reverse transcriptase

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Related to reverse transcriptase: reverse transcription, Reverse transcriptase inhibitors

Reverse transcriptase

Any of the deoxyribonucleic acid (DNA) polymerases present in particles of retroviruses which are able to carry out DNA synthesis using an RNA template. This reaction is called reverse transcription since it is the opposite of the usual transcription reaction, which involves RNA synthesis using a DNA template. See Retrovirus

The transfer of genetic information from RNA to DNA in retrovirus replication was proposed in 1964 by H. M. Temin in the DNA provirus hypothesis for the replication of Rous sarcoma virus, an avian retrovirus which causes tumors in chickens and transformation of cells in culture, and reverse transcriptase has since been purified from virions of many retroviruses. The avian, murine, and human retrovirus DNA polymerases have been extensively studied.

Studies indicate that reverse transcriptase is widely distributed in living organisms and that all reverse transcriptases are evolutionarily related. For example, the organization of the nucleotide sequence of integrated retroviral DNA has a remarkable resemblance to the structure of bacterial transposable elements, in particular, transposons.

Reverse transcriptase genes are present in the eukaryotic organisms in retrotransposons and in retroposons or long interspersed (LINE) elements. Both of these types of elements can transpose in cells. See Deoxyribonucleic acid (DNA), Ribonucleic acid (RNA), Transposons

reverse transcriptase

[ri′vərs tran′skrip‚tās]
A polymerase that mediates deoxyribonucleic acid synthesis by using a ribonucleic acid template.
References in periodicals archive ?
The two main biochemical mechanisms leading to NRTI (nucleoside analogue reverse transcriptase inhibitor) resistance are:
Four-hundred and forty-seven HIV-1 infected patients have received combination therapy with Emtriva and Viread with either a non-nucleoside reverse transcriptase inhibitor (Study 934) or protease inhibitor for 48 weeks in clinical studies.
Merck also intends to commence with a Phase II study of MK-1439, an investigational next generation non-nucleoside reverse transcriptase inhibitor.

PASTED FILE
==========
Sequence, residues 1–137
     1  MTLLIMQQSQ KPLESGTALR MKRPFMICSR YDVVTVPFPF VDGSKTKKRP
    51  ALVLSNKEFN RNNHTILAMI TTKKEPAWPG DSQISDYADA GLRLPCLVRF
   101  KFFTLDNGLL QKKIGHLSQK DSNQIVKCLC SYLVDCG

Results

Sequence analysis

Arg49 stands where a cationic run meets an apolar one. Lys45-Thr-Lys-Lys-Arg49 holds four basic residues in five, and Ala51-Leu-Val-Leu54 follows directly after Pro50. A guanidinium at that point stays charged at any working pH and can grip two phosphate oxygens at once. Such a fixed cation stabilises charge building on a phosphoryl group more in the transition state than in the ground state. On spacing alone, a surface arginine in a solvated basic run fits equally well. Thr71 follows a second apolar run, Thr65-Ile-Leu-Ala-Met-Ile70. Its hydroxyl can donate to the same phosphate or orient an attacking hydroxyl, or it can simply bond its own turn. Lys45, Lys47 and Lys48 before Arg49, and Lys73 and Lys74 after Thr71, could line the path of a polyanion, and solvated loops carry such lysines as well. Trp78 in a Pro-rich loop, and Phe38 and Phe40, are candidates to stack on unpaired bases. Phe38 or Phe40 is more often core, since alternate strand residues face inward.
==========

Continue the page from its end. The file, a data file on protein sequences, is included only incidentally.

SPD754 has been shown to selectively inhibit the HIV replication enzyme reverse transcriptase and has successfully completed a Phase IIa trial.
Nucleoside/Nucleotide reverse transcriptase inhibitors (nukes): These medications interfere with viral reverse transcriptase by acting as "fake building blocks" that disrupt the creation of proviral DNA needed to take over the infected cell to build new viruses (see #2 in diagram).
High AST also was predictive of severe hepatotoxicity in the first 6 months of therapy among patients using a non-nucleoside reverse transcriptase inhibitor (OR 2.
The most commonly used therapies target 2 viral enzymes, reverse transcriptase (RT) and protease (PR), and a great deal of research is being done on improving dosing, overcoming problems of viral resistance, reducing toxicities, etc.
As a result, PA-457 exhibits potent activity against HIV strains resistant to current therapies, including inhibitors of reverse transcriptase and viral protease.
This drug was chemically designed by leading experts, mostly in Belgium, to reduce viral resistance--partly by making a flexible molecule that can fit into the "active pocket" of HIV's reverse transcriptase enzyme in different ways, even when the shape of that pocket changes due to viral mutations that would defeat other drugs.
cDNA: abbreviation for "complementary DNA," which matches a given RNA that serves as a template for synthesis of the DNA in the presence of reverse transcriptase.
Currently approved reverse transcriptase inhibitors include nucleoside and non-nucleoside inhibitors, but tenofovir is a nucleotide reverse transcriptase inhibitor, which has slightly different chemical properties.
and Promega Corporation, have settled pending litigation for their infringement of Invitrogen's patents which cover, among other things, modified reverse transcriptase enzymes having reduced levels of RNase H activity.

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